Q&A: Dustin Kensrue (Thrice)
Being in band for more than a decade can feed a group’s chemistry and in Thrice’s case, it can propel an album and a career to a whole different level. Before a gig in Toronto, singer/guitarist Dustin Kensrue discussed Beggars, music as an art form and going back into the studio in the near future.
You’ve had to deal with illegal leaks and personal situations throughout the last year. Has Thrice become closer as a band due to what took place?
Well we’ve been a band for a really long time. I think it’s our eleventh or twelfth year now. Yeah, it’s been 12 years so I don’t know if you can really say we’ve gotten closer because things have just been in place. We basically function like any family would with ups and downs and we actually get along really well.
When you live with someone on a bus for so long you have to be able to deal with each others quirks. Everyone’s been supportive of one another throughout various tough situations and canceled tours which is great.
Do you think your chemistry as musicians has changed at all?
I think it has changed a fair amount of over time, even with us just growing up. Riley was relatively a lot older than us when we first started but now that’s different as I’m not 17 anymore and the gap doesn’t seem that big. Making new records and going through all of that is going to change you as a group and it’s had an effect on us.
Beggars is a critically acclaimed album that’s been praised for its creativity. What’s one great thing you like about the record?
I like a lot of things about the album. I like the way that it moves because there’s a movement on there that’s not really present on our past releases. It was something we really focused on but at the same time it came naturally when we got together and played. I also like the tones and the way it sounds natural and raw as you don’t find that on many records.
If you were to change one thing about the album, what would that be?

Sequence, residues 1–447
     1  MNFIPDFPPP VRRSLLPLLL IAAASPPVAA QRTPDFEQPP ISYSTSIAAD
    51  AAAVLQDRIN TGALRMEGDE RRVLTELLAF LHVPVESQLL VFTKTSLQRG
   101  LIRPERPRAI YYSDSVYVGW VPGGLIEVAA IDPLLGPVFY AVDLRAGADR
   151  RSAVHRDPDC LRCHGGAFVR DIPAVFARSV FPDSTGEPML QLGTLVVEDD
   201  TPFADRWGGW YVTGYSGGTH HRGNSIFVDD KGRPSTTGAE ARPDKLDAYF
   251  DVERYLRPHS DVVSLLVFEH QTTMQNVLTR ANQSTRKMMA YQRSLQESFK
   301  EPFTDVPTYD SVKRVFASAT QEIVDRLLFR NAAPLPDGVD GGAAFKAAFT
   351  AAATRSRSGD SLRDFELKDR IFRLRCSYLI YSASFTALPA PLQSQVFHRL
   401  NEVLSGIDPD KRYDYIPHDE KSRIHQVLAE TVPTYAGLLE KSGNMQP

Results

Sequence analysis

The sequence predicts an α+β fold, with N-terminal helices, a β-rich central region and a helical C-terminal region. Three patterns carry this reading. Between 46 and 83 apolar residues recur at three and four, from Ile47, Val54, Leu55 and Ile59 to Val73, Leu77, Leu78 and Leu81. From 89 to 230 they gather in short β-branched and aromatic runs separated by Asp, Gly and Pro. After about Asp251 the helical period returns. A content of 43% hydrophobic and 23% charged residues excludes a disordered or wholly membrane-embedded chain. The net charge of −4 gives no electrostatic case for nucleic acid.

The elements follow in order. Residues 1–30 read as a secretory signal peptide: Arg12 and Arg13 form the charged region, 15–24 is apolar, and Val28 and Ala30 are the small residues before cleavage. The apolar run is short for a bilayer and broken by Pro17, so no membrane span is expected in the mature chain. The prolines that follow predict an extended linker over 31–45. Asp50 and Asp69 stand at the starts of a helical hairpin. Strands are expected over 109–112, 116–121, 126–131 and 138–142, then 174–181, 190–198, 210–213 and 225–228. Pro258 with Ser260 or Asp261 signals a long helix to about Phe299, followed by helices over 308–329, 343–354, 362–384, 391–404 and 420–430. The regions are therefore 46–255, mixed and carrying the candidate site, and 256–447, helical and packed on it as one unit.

That’s interesting because I feel like I could give you an answer if we were talking about any other record we’ve done, especially a year later after it’s been released. I’ve never really thought about it and that could be because there isn’t anything I would change. There hasn’t been a time where we’ve said we should have done things differently for a certain part. I’m pretty satisfied with it.
From your perspective, what makes a record perfect?
I think it’s kind of like a holistic thing that everything about it comes together. Music is very subjective and it all depends on the way you listen to it. Like a lot of people would think my favourite albums are pieces of trash. A masterpiece is something you want to listen to over and over again.
Though its only been a year since Beggars was released, have you started writing any new material?
Not as a band but we have been separately. We’ve been keeping track of all of our ideas and I think pretty soon we’ll go back into the studio and start writing and recording. There’s no release date or anything yet, but there is a plan to do it soon.
Have you given any thought on another solo record?
Yeah, I have a fair amount of ideas for it and I will work on it at some point but I don’t think it will be before the band’s next record. I just have to work out when the material is actually going to be released and when I’ll have time to record when I’m not busy with the band.
Your songwriting has always stood out through your career as a musician and was highlighted with the work on the group’s last record. What major artists influence you as a lyricist?
There are people that I really like but I feel as if I don’t write lyrics like them because you just become fascinated with their work and you question how they can write certain songs the way they do. I write a lot more structured while artists I’m a fan of tend to make their work a bit more vague. I love Leonard Cohen and I tend to draw from a lot of literary influences too like C.S. Lewis.
What would you say is one your favourite lyrics of all time?
Maybe from Leonard Cohen’s “Suzanne”.
There’s a line that goes: “And Jesus was a sailor / When he walked upon the water / And he spent a long time watching / From his lonely wooden tower / And when he knew for certain / Only drowning men could see him / He said “All men will be sailors then / Until the sea shall free them” / But he himself was broken / Long before the sky would open / Forsaken, almost human / He sank beneath your wisdom like a stone”
I love those lyrics.
They definitely help individuals express themselves and the same can be said for music. Some see it as a career but can music itself be seen as a form of art?
I see it as an art form but I think those that see it as a career aren’t very wise. Its not an easy career and its not an easy one to get into. If you look at it as a career first, you won’t really be able to create. As a band, we’ve created the art first and pursued the career second and that’s the way we’ve always been since we started.
Where would you be today if Thrice never existed?
I think that’s almost impossible to answer. I think there’s so much developed from this life that makes me who I am. If the band fell apart when I was in college I would have accepted it because life throws you too many curveballs. I was studying design and philosophy and looking at that now, I don’t think I would have been completely satisfied in either of those areas at all.
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